Happy meals for whom?
Way back in the 1980s and 1990s, I was involved in a 15-year study (the CARDIA study, Lancet 2005, 365:36-42) that took a long, hard look at what happens when young people eat fast food on a regular basis. We found those kids eating fast food more than twice a week gained an extra 10 pounds and insulin resistance increased twice as fast as those who ate it once a week or less. And that was way back then, when eating fast food often was eating it twice a week. Today young people from toddlers to teens may be tucking into fast food four times a week or more.
Did someone say happy meals? These are sad meals indeed. Why? Most people think of fast food as being loaded with fats. Yes it is. But it is also packed with an even greater amount of high GI carbs – think of those spongy soft burger buns, fries, soda, apple pie and cookies. Not to mention the massive portion sizes, high energy density, minimal fibre, few vitamins and minerals and a heavy hand with the salt shaker. And if that isn’t enough, fast food is designed to be eaten, well, fast. Children can easily consume almost an entire day’s calorie requirements from such meals in a matter of minutes, long before their bodies have time to recognise and respond to the incoming calories. It takes 20–30 minutes for those ‘I’m full now’ satiety signals from the stomach to reach the brain.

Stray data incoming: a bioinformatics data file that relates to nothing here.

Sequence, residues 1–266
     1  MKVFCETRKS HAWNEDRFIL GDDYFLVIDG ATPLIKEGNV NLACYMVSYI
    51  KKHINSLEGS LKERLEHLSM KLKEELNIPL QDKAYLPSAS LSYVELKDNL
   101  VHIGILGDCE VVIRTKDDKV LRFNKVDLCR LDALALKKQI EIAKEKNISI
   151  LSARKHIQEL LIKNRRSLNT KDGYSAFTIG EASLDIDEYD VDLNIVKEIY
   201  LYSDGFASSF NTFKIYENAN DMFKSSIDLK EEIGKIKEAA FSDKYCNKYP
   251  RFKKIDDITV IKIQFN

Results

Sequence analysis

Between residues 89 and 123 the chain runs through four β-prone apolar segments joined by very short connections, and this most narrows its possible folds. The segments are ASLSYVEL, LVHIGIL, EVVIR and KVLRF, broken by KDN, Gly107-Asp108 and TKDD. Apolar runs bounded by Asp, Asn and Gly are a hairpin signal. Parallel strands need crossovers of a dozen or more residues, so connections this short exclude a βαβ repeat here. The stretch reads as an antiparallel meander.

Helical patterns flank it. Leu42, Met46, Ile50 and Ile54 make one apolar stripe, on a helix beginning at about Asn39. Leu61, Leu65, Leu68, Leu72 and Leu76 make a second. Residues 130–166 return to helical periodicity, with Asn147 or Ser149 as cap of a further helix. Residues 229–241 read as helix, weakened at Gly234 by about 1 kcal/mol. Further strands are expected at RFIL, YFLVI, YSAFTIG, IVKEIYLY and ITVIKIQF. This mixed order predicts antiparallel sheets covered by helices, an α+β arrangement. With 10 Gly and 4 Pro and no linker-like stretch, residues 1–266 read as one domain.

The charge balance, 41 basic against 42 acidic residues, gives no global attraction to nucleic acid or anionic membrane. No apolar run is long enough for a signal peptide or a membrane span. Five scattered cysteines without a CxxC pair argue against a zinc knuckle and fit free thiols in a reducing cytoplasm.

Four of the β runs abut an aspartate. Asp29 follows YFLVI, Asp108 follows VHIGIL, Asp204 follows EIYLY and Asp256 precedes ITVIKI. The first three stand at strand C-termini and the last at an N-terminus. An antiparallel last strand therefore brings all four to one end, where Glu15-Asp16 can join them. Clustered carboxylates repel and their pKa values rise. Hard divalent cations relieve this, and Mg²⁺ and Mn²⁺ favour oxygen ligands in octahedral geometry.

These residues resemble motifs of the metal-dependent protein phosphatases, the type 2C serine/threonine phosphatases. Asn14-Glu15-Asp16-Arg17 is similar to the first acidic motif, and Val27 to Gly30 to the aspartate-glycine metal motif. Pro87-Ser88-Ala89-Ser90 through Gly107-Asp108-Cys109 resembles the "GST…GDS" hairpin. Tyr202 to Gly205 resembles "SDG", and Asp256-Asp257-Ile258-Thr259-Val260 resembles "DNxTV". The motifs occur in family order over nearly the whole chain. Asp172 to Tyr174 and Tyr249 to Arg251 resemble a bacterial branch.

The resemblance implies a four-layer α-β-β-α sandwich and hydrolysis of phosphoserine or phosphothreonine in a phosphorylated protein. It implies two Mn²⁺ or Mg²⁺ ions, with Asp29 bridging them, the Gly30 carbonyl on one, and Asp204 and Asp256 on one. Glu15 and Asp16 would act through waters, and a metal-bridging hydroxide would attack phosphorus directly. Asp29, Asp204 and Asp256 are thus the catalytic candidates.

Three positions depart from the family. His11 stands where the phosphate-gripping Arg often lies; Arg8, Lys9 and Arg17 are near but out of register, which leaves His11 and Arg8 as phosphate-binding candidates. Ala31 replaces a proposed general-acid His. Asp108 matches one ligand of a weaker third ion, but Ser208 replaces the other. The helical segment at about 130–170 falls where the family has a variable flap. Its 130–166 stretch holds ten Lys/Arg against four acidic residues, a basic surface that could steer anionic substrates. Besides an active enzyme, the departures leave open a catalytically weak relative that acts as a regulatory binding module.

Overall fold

The evidence is piling up just like those extra pounds are piling on – overweight or obesity in adolescence increases risk of heart disease in adulthood. And early data from Canada is showing that adolescents with type 2 diabetes will be at high risk of limb amputation, kidney failure and premature death.
Very sad meals indeed.
Of course, parents need to take responsibility for their children’s welfare by providing high quality food, limiting television viewing and time spent in front of small screens and setting an example with a healthy lifestyle. But why should their efforts be undermined by the billions of dollars in junk food advertising from the food industry or by farm subsidies in the US for example that favor high fructose corn syrup over fruits, vegetables and other wholesome foods?
Like governments around the world, there are things that our US government needs to do. It needs to develop a comprehensive national strategy that encourages children to eat a healthy diet and be active. I am not talking good intentions and fuzzy words here. I am talking serious teeth in the form of legislation that:
- Regulates junk food advertising
- Provides adequate funding for decent school lunches and regular physical activities at school
- Restructures the (US) farm subsidy program to favour nutrient-dense rather than calorie-dense foods, and
- Mandates insurance coverage for preventing and treating pediatric obesity.
Dr David Ludwig
– Dr David Ludwig is Director of the Optimal Weight for Life (OWL) program at Children’s Hospital Boston and author of Ending the Food Fight
Dr David Ludwig discusses the impact of childhood obesity and what needs to be done.
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